Kleine Zeitung

Kleine Zeitung (German: [ˈklaɪnə ˈtsaɪtʊŋ], Small Newspaper) is an Austrian newspaper based in Graz and Klagenfurt. As the largest regional newspaper in Austria, covering the federal states Styria and Carinthia with East Tyrol, the paper has around 800,000 readers.

Kleine Zeitung
Kleine Zeitung (2021-01-21).svg
TypeDaily newspaper
Owner(s)Styria Media Group
Founded22 November 1904; 116 years ago (1904-11-22)
Political alignmentCenter right
HeadquartersGraz, Klagenfurt
Circulation347,000 (2013)

History and profileEdit

Kleine Zeitung was founded in 1904[1][2] by the Katholischer Preßverein (Catholic Press Association).[3] The first issue was published on Tuesday, 22 November 1904. The paper is based in Graz[1] as well as in Klagenfurt.[4] From its inception, it was designed as a paper to be read by the masses, covering general and regional news topics at a reasonable cost. The paper is owned by the Styria Media Group, which also owns the daily newspaper Die Presse.[5] Kleine Zeitung is published in the half Berlin format.[1]

Kleine Zeitung has a center-right political leaning.[6] Fritz Csoklich served as the editor-in-chief of the paper for thirty years until 1994.[7]

Kleine Zeitung is the recipient of the 2005 European Newspaper Award in the category of regional newspaper.[1]


The circulation of Kleine Zeitung was 293,000 copies in 2001.[8] It was the second best selling newspaper in Austria with a circulation of 295,000 copies in 2002.[9] In 2003 it was again the second best selling newspaper in the country with a circulation of 298,000 copies.[10] The paper had a circulation of 292,000 copies in 2004.[11] During the third quarter of 2005 its circulation was 264,253 copies.[1]

In 2007 the circulation of Kleine Zeitung was 306,000 copies.[12] The paper had a circulation of 308,819 copies in 2008[13] and was the third most read paper in the country.[6] Its circulation was 311,245 copies in 2009 and 313,094 copies in 2010.[13] The paper had a circulation of 280,983 copies in 2011.[14] Its average circulation was 347,000 copies in 2013.[2]


  1. ^ a b c d e "The Results of the Seventh European Newspaper Award". Editorial Design. Archived from the original on 23 September 2015. Retrieved 21 January 2015.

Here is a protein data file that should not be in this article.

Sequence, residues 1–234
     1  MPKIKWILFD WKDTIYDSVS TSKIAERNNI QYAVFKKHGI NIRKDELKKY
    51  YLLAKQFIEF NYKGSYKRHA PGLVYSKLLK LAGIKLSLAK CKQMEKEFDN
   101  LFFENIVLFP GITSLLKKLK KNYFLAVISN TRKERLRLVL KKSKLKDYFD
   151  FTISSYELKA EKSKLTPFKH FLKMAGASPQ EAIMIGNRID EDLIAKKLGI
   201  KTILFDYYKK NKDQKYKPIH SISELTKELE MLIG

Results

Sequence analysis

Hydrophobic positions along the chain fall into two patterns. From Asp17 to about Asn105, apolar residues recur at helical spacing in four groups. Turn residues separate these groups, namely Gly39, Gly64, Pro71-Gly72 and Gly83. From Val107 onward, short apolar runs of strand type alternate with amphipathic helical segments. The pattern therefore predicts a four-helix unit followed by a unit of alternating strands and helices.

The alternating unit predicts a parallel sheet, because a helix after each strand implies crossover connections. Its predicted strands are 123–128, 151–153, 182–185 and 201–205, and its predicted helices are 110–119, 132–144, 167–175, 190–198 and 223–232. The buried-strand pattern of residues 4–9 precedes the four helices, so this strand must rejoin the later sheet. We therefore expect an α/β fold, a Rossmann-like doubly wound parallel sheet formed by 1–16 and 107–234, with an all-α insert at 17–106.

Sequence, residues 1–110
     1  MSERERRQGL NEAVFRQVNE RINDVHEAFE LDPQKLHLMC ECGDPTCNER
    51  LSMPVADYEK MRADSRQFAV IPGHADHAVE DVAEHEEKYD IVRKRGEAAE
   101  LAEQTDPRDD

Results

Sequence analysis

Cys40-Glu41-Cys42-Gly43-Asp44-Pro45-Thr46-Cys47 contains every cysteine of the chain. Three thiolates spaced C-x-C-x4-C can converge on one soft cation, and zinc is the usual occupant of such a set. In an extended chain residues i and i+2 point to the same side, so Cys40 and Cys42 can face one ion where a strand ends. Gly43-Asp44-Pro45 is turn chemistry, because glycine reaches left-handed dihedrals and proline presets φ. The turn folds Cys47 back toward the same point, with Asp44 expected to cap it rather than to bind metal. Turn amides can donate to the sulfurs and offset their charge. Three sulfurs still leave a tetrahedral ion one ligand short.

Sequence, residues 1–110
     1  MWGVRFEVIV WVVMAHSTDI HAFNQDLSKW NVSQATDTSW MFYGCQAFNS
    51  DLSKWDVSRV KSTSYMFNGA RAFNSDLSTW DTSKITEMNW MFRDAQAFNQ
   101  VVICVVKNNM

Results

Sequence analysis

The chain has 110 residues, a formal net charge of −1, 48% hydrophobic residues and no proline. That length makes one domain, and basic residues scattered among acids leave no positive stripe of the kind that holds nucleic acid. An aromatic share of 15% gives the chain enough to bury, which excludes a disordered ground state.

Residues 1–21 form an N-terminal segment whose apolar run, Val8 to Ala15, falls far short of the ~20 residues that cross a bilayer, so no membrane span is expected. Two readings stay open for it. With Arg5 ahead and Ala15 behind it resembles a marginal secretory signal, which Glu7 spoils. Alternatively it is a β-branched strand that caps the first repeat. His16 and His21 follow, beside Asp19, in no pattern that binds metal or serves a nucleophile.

2. ^ a b "Austria 2013". WAN IFRA. Retrieved 25 February 2015.
  3. ^ "Kleine Zeitung". Voxeurop. Retrieved 1 December 2014.
  4. ^ The Europa World Year Book 2003. Taylor & Francis. 10 July 2003. p. 606. ISBN 978-1-85743-227-5. Retrieved 5 March 2015.
  5. ^ "Media Markets: Austria Country Overview". Russian Telecom. August 2004. Retrieved 1 January 2015.
  6. ^ a b Lisa Müller (10 September 2014). Comparing Mass Media in Established Democracies: Patterns of Media Performance. Palgrave Macmillan. p. 224. ISBN 978-1-137-39138-4. Retrieved 16 January 2015.
  7. ^ Lisa Chapman (22 October 2009). "Former Kleine Zeitung editor Csoklich dead". Austrian Times. Retrieved 1 December 2014.
  8. ^ Adam Smith (15 November 2002). "Europe's Top Papers". campaign. Retrieved 7 February 2015.
  9. ^ "World Press Trends 2003" (PDF). World Association of Newspapers. Paris. 2003. Archived from the original (PDF) on 8 November 2017. Retrieved 14 March 2015.
  10. ^ "World Press Trends" (PDF). World Association of Newspapers. Paris. 2004. Retrieved 8 February 2015.
  11. ^ "Media pluralism in the Member States of the European Union" (PDF). Commission of the European Communities. Brussels. 16 January 2007. Retrieved 27 March 2015.
  12. ^ "Western Europe Market and MediaFact" (PDF). ZenithOptimedia. 2008. Archived from the original (PDF) on 5 February 2015. Retrieved 8 April 2015.
  13. ^ a b "National newspapers total circulation". International Federation of Audit Bureaux of Circulations. Retrieved 2 December 2014.
  14. ^ Paul C. Murschetz (25 January 2014). State Aid for Newspapers: Theories, Cases, Actions. Springer Science & Business Media. p. 134. ISBN 978-3-642-35691-9. Retrieved 2 December 2014.

External linksEdit